Form a Balance: All characters should have a mix of positive traits (attributes) and negative traits (flaws) in their personality. You might need those negative qualities to create conflict through poor judgement, mistakes and relationship friction, but  ultimately his positive attributes must rise up to lead him to his goal. Think carefully about what unique qualities will make your character balanced, likable and compelling.

Of Special Concern: Villains

It’s easy to get caught up in giving flaws to the antagonist because writers want a villain the reader will dislike, but caution is still needed. Hopelessly flawed antagonists make shallow characters and unworthy opponents. Take care to balance your villain by assigning him key strengths (intelligence, meticulousness, dedication and discipline, for example) to make him even more formidable, forcing your hero to work even harder to win.

If you’d like some help when it comes to choosing the right flaws for each character, try: Make Your Hero Complex by Choosing The Right Flaws. 

Thanks for visiting The Writer’s Dig blog. For more great writing advice, click here.

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Brian A. Klems is the online editor of Writer’s Digest and author of the popular gift book Oh Boy, You’re Having a Girl: A Dad’s Survival Guide to Raising Daughters.

Follow Brian on Twitter: @BrianKlems
Sign up for Brian’s free Writer’s Digest eNewsletter: WD Newsletter

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10 thoughts on “When Flaws Go Too Far: Avoiding Unlikeable Characters

  1. wendee

    When your characters think themselves despicable from poor self esteem issues, but others do not. Making them likeable is touchy, what else besides interjecting what others think of them will make the more likeable? Grrr, kind of stuck.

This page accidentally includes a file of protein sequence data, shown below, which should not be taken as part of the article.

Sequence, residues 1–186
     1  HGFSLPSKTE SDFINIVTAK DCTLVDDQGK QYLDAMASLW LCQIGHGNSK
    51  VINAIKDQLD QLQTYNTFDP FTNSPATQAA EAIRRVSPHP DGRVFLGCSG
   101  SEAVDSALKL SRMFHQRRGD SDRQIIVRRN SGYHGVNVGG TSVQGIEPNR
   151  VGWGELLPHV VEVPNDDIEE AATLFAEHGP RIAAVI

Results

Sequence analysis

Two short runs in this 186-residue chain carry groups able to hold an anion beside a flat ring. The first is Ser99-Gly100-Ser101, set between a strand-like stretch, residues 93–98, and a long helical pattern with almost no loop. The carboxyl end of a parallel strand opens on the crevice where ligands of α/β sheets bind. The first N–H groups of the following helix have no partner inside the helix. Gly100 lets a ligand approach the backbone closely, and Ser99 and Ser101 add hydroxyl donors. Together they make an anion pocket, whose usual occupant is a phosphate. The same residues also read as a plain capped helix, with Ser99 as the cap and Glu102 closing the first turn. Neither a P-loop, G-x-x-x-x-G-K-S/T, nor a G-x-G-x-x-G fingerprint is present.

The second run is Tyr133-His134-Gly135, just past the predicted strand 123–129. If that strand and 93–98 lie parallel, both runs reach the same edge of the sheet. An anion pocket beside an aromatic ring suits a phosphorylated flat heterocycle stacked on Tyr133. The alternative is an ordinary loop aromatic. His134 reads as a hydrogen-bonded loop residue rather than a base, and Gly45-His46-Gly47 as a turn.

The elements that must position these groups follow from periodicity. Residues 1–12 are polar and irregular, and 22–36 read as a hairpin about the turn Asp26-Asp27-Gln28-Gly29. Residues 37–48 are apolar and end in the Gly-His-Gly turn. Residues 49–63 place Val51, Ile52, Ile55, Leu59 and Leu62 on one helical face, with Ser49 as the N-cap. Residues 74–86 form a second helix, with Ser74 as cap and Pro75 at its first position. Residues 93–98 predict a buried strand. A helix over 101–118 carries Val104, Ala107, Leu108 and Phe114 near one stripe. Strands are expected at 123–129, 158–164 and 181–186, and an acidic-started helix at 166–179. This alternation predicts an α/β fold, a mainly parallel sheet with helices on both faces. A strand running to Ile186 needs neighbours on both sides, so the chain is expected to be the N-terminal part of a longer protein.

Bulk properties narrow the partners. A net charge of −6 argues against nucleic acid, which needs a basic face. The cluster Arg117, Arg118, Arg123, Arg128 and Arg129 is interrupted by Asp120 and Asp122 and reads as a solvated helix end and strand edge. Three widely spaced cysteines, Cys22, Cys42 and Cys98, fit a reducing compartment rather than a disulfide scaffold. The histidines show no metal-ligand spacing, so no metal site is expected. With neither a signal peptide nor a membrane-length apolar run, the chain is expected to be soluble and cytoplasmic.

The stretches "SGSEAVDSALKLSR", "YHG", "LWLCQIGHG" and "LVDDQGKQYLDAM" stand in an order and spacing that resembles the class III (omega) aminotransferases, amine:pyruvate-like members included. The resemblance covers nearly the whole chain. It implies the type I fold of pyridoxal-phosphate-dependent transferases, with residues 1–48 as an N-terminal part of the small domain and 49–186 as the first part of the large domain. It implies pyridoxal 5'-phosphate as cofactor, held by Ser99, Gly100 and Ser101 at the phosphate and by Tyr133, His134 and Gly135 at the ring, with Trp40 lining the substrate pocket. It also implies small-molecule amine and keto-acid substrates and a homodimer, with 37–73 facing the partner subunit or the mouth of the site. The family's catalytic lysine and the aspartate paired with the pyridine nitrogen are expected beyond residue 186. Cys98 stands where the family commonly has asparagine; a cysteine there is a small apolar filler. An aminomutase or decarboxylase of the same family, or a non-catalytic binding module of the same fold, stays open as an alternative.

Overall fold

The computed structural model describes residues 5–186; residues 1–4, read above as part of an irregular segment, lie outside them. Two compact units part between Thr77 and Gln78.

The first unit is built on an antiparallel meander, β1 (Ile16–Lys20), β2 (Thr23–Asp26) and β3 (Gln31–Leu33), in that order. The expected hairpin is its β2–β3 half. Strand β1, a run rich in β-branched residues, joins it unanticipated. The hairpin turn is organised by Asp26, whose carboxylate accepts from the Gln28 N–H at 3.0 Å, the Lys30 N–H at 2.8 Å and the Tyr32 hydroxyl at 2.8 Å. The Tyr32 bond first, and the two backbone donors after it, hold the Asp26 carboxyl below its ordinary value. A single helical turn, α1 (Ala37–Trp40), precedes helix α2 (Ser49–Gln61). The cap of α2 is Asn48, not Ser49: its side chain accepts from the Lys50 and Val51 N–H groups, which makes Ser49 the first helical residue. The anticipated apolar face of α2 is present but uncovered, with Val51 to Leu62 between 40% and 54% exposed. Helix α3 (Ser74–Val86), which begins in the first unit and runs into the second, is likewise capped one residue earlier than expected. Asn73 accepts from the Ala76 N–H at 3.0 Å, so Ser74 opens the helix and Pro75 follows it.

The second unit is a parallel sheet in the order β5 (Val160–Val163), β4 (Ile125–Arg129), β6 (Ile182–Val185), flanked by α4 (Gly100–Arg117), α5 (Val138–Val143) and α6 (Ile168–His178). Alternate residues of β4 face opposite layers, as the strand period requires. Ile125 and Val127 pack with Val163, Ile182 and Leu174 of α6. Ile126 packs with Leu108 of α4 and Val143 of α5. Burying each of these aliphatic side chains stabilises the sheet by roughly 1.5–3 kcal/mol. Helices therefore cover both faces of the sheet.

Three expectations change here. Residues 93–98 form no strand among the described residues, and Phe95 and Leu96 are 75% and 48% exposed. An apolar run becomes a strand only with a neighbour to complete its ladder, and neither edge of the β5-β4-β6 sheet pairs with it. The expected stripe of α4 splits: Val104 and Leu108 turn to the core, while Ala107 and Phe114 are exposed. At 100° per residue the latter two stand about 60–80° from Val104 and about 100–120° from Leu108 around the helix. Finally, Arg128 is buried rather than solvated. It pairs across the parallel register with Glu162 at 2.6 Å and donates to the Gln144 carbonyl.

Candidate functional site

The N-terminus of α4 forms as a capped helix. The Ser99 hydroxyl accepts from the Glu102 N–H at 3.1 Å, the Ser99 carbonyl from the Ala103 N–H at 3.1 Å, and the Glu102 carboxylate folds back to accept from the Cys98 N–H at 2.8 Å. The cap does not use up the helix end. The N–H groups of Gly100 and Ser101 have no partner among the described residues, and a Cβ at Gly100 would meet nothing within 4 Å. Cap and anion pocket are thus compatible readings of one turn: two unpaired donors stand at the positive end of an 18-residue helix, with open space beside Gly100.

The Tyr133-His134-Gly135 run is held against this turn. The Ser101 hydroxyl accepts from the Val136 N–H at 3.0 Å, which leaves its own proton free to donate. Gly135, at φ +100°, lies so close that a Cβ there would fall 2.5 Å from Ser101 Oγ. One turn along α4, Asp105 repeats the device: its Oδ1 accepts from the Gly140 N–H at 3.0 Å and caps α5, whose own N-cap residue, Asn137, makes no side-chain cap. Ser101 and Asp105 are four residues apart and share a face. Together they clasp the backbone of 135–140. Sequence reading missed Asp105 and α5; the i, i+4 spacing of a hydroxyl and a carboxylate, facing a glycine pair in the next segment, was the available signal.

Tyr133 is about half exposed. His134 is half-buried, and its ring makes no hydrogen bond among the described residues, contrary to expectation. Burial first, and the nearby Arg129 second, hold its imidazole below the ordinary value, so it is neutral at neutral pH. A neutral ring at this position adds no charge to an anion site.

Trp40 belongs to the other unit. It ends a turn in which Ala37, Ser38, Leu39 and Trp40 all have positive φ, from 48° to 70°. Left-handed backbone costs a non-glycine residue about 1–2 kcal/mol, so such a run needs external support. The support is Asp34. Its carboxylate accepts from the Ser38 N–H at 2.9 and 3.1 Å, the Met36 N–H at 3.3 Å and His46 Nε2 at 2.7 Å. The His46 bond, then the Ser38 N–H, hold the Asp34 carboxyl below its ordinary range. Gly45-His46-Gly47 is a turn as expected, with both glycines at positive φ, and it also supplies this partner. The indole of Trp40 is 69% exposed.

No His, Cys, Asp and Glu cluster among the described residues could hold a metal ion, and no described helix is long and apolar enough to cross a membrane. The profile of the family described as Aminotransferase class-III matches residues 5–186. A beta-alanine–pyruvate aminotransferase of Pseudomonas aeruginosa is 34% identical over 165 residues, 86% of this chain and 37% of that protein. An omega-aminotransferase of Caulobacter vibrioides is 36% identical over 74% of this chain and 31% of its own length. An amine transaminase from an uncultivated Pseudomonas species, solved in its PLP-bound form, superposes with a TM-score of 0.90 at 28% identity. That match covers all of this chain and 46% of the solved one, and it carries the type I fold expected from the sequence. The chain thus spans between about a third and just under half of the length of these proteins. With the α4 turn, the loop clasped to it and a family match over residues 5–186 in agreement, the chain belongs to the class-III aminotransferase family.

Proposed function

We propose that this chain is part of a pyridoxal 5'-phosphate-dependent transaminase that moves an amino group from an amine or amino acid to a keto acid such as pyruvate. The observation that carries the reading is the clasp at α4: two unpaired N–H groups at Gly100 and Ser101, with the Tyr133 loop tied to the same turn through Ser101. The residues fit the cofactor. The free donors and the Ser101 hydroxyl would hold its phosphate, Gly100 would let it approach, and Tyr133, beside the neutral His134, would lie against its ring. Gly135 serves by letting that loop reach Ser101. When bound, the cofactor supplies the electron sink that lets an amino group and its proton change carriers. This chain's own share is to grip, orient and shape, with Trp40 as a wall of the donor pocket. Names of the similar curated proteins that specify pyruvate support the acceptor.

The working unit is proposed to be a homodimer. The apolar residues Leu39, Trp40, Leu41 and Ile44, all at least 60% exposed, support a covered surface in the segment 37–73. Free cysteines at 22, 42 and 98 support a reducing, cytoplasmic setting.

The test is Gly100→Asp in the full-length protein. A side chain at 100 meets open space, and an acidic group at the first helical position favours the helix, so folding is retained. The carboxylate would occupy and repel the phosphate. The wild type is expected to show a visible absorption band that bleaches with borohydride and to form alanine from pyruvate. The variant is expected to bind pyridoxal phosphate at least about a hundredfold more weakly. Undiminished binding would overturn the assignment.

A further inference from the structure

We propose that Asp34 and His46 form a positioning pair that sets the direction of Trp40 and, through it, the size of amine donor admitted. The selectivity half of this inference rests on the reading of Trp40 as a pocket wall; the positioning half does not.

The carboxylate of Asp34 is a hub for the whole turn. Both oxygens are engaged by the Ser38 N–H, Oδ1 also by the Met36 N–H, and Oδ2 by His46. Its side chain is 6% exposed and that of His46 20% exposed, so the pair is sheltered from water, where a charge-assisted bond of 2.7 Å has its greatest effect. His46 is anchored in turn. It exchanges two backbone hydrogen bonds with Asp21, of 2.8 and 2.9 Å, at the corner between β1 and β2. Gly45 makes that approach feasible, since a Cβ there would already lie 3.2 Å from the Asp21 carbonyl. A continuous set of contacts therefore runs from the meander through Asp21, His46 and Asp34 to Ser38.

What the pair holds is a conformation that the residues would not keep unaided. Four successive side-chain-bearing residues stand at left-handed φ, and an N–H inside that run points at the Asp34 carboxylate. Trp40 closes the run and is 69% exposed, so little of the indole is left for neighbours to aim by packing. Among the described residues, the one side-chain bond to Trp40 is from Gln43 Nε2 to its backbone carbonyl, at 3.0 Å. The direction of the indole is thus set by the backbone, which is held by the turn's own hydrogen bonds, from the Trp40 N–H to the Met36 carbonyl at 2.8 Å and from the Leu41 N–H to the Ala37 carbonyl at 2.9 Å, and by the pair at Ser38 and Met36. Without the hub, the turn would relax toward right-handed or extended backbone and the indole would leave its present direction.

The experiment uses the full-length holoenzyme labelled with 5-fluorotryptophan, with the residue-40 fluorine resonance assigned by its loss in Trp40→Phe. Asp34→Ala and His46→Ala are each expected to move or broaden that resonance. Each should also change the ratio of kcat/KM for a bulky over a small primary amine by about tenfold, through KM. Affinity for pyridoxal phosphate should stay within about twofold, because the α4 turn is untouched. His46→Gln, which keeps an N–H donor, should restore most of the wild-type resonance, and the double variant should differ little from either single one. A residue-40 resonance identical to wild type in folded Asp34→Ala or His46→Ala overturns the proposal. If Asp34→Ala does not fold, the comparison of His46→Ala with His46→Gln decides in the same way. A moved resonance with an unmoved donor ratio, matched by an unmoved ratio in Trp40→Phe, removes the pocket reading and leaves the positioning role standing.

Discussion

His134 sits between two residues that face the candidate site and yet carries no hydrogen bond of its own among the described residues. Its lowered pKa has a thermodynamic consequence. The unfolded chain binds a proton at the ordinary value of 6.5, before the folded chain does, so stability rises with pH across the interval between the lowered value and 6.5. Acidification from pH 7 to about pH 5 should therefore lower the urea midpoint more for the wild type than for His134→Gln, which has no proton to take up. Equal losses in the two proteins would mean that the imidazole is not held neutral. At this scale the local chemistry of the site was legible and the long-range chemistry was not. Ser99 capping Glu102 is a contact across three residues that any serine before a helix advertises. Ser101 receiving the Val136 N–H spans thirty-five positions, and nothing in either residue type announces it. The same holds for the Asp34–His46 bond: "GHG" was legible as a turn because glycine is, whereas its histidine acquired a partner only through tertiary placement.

2. BeeCeeGreen

    I couldn’t disagree more. There are plenty of instances of unlikeable characters, and some of them are even the main characters. I think the one quality a main character (or any character really, but especially true of the main) is that they be someone we can relate to. But you don’t have to ‘like’ a person to relate to them.

    As an example I will use M.J. Engh’s awesome book “Arslan”. The eponymous main character is not likable at all. In fact he is basically the Asian love-child of Stalin and Hitler. He has done every bad and horrible thing you can think of, and does not plan on stopping. Never in this book is there a save the cat moment, he doesn’t redeem himself to the audience at all. He never justifies his actions (to our satisfaction anyways), and never repents for any of his moral depravity. He is the worst humanity could offer, and the reader is expected to hate him.

    But he is someone we can relate to. We may not agree with what he is doing, but we understand it to a degree. And because of the human condition, we at times have to admit that we could turn out the same way if our lives had taken certain turns.

    What I’m trying to say is that I don’t think you can go too far. Humanity is unique in our flaws, and speculative fiction is a great way to explore the worst aspects of ourselves. Not all characters can save save the cat, nor should they-a deeply flawed and irredeemable character has just as much merit as one who is only a little flawed.

  3. Raw Form

    I got a lot from this article it will definitely help me in what I am working on. I want there to be depth to my characters as I write out the situations I’ve placed them in. I want the readers to be right there with them this was a big help.

    1. Angela Ackerman

      Julie, I knew you’d be nodding along because of the hero in your book, and the challenges you outlined in your post last month. (Thanks again for that!)

  4. karinfuller@gmail.com

    What an excellent article (this one and the other I clicked on about how to choose the right flaws for a character). I want to create quirky and interesting characters, but don’t want to take it too far. The timing of this article couldn’t have been better for me, as I’m right at that find-the-flaw stage of a project. Thank you!